Alongside the two dozen legal texts and political declarations that so far comprise the Windsor Framework, the UK and the European Union have each published guides in plain English giving their own descriptions of the deal.
The UK calls its guide a command paper; the EU calls its a memo. They are completely different. As a rough summary, the EU insists little has changed in principle while the UK insists much has changed in practice. While these opposite spins are not necessarily contradictory, the contrast between them can be absurd.
State aid is the most glaring example. Last month, the British government briefed the press that state aid would be removed from the protocol altogether.
The UK guide admits it has not been removed but claims the protocol has never applied to 98 per cent of subsidies within Northern Ireland, while a new clarification ensures there will be no ‘reach back’ of the rules into Britain, which had been a serious concern.
By comparison, the EU guide declares the protocol section on state aid still applies without restriction. Even the clarification is just a restatement of the protocol text.
What has actually changed is legal precedent. The first ‘reach back’ case was brought in London last year and the high court threw it out. The European Court of Justice (ECJ) would be expected to note this ruling, made under the UK-EU free-trade agreement. It has clarified the protocol on state aid rarely applies in Northern Ireland and effectively never applies in Britain.
Where the EU has undeniably changed the protocol it congratulates itself on its flexibility, yet is at pains to insist it has not been too flexible.
The EU did not “renegotiate the protocol”, the first point of its guide explains.
It merely used a treaty mechanism intended to correct errors, omissions, deficiencies and unforeseen circumstances, while “not amending the essential elements of the protocol”. The UK guide says the deal “fundamentally amends the text and provisions of the original protocol”.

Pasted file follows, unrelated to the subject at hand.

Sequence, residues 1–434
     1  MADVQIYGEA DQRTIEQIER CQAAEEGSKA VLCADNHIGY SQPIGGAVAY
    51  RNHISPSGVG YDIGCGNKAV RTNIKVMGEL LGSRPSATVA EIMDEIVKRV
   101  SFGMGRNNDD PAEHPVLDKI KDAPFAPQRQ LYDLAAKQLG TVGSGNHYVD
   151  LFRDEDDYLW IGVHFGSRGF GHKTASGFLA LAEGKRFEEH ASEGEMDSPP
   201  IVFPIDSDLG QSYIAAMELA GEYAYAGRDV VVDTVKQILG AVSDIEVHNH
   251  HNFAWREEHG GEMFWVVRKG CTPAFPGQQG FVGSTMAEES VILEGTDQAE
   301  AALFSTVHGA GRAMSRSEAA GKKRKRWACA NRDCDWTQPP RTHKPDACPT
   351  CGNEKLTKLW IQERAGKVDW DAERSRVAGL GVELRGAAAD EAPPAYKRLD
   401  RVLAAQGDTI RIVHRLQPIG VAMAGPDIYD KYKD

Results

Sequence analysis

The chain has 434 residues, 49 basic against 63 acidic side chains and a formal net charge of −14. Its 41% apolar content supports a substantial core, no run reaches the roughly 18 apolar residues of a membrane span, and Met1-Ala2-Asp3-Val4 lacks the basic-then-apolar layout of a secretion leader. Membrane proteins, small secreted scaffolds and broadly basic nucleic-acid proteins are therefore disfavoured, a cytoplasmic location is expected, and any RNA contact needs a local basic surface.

The Windsor Framework is a genuine achievement, representing real movement by both sides ... However, it is still infuriating to see London and Brussels insist they are right
The Stormont brake is the deal’s principal innovation, addressing concerns from unionists and others on a democratic deficit.
The UK guide describes it as “removing the ultimate authority of the ECJ in areas in which it would affect day-to-day lives”.
The EU guide says: “There is no change to the role of the Court of Justice of the European Union. The Court of Justice remains the sole and ultimate arbiter of EU law.”
In reality, both guides are correct and beside the point. The Stormont brake is essentially an article 16 request from the Northern Ireland Assembly. It lets the UK unilaterally disapply an EU law in Northern Ireland, incidentally removing its ECJ jurisdiction. The dispute is then addressed through international arbitration, where the ECJ would never have had a role.
The red and green channel sea border is where the UK has secured most practical change, although its claims of removing paperwork are significantly oversold. Nearly 2,000 pages of EU law no longer apply on medicine, food and whole sectors of manufacturing. Goods from Britain, meeting British standards, can flow in with little more than an invoice and a label – if suppliers register with an expanded trusted trader scheme.
This is “a form of dual regulation”, the UK guide explains. Or as the EU guide puts it: “There is no dual-regulatory regime.”
But the UK guide goes further. “It is international standards which apply in practice,” it concludes, “with commitments from the UK and EU in the [free-trade agreement] to maintain them. Indeed of the nearly 3,600 international goods standards in place, there are differences between the UK and EU in only 11.″
The implication that we have been trapped in a futile argument for years is rather casually made. If international standards are what matter, why not dynamically align with the EU on goods and make the protocol redundant?
The Windsor Framework is a genuine achievement, representing real movement by both sides. It has delivered improvements, repaired relationships and should restore Stormont sooner than expected. The thawing UK-EU relationship is ultimately more important than the details or shortcomings of any deal. Some conflicting spin after a difficult negotiation is inevitable and hardly disastrous.
However, it is still infuriating to see London and Brussels insist they are right.
Change has been reluctantly forced upon them because the protocol they originally agreed was unworkable and dishonest. The EU portrayed its rules as akin to the laws of the universe and interpreted the Belfast Agreement as it went along to suit its own ends. The UK has had no coherent strategy or objective since the Brexit referendum. Through cynicism, pomposity and pride, neither would admit it and they still will not admit it.
In accordance with the oldest protocol in Northern Ireland politics, they have become as bad as each other.